Guest Column: Supply Chain — Ready for Prime Time

More stakeholders taking a critical interest in the complexities of supply chain management


New York — October 3, 2007 — Supply chain integration is quite a popular topic these days. Why now? Clearly, this is not a recently discovered area of economic activity; nor has it been neglected over the years. I would suggest that the definition of supply chain management has evolved and matured to encompass more than the physical movement of product, the ongoing process improvements related to simplified sourcing, the faster transportation of raw materials and finished goods, and the fine tuning of just-in-time inventory practices.

Supply chain management — or "business value chain" management, to be more precise — has assumed a much broader importance in the commercial world, with corporate treasurers, government officials, technology providers, bankers and logistics professionals all sharing a critical interest in the many facets of the worldwide flow of goods and services.

Let's look at why these various constituencies have elevated their interest in this subject.

Corporate treasurers have discovered (or perhaps re-discovered) the positive financial impact of efficient supply chain management. They have also been reminded of the drain on cash flow caused by inefficiencies in the way their firms handle the day-to-day business of producing, distributing and selling their core products. Gone are the days when these activities were primarily the purview of "the operations people." Competition in every industry continues to increase at an incredible pace, and the financial survival of many companies is decided by how effectively they focus on executing against their key operating benchmarks. Cost reduction, process outsourcing and real-time management of financial information are all factors of critical importance to treasurers. In a sense, they too are now "operations people."

Government officials have played an expanded role in the past few years, not only to address issues of national growth, but also to enhance customs and tax collection opportunities — and, of course, to expand and enforce regulatory compliance and security requirements. In the wake of 9/11, as the global focus intensifies on issues ranging from container security to antimony laundering and the financing of terrorist organizations, it is a certainty that the worldwide regulatory environment will become more complex and more far-reaching in scope. The cost of non-compliance for supply chain participants will be very high. Greater inter-governmental cooperation will ensure that avoidance of these sanctions becomes increasingly difficult.

Technology providers find themselves with a tremendous opportunity to meet rising market demand for solutions that improve supply chain functionality and flexibility. However, given the pace of change in industry requirements and the demands for rapid global deployment of operational technology, these firms will need to commit substantial amounts of human and financial capital to the development and implementation of both software and hardware tools — many of which will be overtaken by newer offerings within a relatively short timeframe. Focusing on customer requirements will be critical, as will the ability to support deployed technologies on a worldwide basis.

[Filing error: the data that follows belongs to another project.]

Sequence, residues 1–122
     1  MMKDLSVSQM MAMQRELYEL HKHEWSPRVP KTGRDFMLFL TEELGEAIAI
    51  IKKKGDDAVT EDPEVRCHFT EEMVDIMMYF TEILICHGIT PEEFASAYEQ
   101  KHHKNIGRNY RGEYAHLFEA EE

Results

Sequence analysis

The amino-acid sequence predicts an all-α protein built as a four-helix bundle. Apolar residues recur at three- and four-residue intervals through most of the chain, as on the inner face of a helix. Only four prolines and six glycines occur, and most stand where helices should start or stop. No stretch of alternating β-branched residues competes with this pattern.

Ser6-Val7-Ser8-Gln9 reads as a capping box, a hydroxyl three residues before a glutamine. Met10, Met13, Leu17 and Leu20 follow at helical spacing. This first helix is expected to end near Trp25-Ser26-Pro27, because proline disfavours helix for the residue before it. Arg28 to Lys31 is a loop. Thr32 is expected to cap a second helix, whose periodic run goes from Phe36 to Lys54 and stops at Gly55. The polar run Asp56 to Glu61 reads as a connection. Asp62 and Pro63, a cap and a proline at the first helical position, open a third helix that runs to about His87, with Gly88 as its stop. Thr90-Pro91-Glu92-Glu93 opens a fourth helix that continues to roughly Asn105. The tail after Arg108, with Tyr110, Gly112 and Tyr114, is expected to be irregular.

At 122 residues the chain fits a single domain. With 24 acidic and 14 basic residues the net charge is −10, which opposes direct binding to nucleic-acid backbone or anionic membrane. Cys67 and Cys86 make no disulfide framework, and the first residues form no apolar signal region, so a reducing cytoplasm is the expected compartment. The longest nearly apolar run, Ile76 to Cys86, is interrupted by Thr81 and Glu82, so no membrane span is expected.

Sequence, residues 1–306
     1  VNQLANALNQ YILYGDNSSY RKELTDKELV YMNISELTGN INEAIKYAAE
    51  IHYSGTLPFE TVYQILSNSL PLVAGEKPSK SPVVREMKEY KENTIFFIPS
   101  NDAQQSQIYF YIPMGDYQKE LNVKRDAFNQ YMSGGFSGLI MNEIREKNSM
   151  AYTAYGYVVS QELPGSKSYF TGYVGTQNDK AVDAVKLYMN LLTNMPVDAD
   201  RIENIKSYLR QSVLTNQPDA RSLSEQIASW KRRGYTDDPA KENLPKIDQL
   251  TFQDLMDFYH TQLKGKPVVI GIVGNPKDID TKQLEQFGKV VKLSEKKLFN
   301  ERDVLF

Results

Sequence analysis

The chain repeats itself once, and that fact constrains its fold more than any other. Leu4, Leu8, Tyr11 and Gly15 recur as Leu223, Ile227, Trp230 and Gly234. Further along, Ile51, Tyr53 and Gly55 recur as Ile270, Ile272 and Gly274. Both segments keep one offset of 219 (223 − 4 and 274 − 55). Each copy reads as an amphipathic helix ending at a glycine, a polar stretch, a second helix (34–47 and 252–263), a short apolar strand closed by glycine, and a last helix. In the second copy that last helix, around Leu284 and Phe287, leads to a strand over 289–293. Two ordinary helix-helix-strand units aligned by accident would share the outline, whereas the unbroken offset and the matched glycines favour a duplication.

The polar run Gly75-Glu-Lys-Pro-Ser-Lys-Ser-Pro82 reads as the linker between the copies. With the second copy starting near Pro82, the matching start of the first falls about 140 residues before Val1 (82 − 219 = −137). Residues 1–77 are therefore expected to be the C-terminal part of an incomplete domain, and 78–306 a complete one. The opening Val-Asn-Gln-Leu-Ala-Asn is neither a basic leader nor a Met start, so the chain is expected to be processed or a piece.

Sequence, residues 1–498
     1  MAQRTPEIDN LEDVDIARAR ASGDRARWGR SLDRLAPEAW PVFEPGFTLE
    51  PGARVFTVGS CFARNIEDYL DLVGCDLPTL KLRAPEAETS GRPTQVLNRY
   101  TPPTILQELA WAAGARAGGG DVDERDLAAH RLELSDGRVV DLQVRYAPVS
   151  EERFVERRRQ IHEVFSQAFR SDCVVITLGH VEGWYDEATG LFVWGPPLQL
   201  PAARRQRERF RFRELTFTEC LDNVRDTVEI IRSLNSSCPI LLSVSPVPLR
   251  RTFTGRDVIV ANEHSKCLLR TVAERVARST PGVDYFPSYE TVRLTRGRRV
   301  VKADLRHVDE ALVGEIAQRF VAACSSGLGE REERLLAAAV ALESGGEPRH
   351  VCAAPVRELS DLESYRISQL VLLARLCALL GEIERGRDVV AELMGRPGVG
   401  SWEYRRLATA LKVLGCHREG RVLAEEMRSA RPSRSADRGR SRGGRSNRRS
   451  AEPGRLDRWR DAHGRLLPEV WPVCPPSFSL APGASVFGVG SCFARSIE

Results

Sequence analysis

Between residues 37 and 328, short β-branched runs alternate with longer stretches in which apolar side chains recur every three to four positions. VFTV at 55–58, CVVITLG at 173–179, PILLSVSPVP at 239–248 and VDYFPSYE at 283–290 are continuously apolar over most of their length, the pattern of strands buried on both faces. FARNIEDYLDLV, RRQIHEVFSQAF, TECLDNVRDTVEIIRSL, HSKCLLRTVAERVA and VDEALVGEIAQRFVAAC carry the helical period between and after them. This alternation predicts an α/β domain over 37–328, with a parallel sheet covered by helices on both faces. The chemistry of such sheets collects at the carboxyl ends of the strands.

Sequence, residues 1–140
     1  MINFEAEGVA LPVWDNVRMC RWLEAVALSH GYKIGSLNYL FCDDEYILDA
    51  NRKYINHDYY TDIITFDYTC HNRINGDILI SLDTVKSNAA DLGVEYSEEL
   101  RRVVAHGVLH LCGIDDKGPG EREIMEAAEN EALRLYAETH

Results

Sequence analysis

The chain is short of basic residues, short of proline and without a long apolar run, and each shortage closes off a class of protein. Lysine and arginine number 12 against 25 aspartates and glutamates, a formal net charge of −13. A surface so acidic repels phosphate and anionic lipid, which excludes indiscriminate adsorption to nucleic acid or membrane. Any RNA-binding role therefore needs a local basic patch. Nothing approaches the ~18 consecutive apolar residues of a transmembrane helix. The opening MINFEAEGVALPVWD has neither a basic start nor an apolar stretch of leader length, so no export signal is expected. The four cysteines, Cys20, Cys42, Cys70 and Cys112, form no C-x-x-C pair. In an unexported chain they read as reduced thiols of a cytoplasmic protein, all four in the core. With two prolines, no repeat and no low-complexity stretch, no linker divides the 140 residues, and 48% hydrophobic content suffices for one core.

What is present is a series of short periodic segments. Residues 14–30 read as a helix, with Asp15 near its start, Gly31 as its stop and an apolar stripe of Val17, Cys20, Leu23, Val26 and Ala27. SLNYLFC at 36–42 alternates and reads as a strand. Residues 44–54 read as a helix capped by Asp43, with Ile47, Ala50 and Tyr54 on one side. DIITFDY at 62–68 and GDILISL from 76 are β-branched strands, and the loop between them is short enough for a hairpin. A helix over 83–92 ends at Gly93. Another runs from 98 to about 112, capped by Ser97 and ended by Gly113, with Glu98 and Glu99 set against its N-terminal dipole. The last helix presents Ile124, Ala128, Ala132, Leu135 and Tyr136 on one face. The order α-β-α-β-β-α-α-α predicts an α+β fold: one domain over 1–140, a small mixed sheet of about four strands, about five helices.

Bankers are newer players on this field, although they have been involved in the financial aspects of supply chain management for quite a long period of time. While the provision of services such as commercial letters of credit, steamship guarantees and pre-export loans has addressed some of the financing and settlement needs of buyers and sellers in cross-border transactions, the bankers now find it necessary to be able to engage in a much wider spectrum of world trade facilitation — namely, integration with the physical aspects of global commerce. Today's major financial institutions have an interesting and somewhat unique opportunity to service the entire range of a corporate client's trade needs through the provision of a comprehensive commercial management program. It is doubtful that the banks will undertake the actual physical aspects of trade logistics (such as loading airplanes or sailing container vessels), but they can increasingly play a crucial intermediary role between their customers and all of the numerous participants in the extended supply chain — freight forwarders, customs brokers, inspection firms and so on. This role requires the acquisition of a broad range of knowledge and operational skills which have not traditionally resided in financial institutions. Required as well is a commitment to understanding the specific needs of clients in different industries, particularly their various logistical and regulatory business requirements. However, for those firms willing to make the necessary long term investments in people and technology, there appears to be a very attractive present — and future — market opportunity.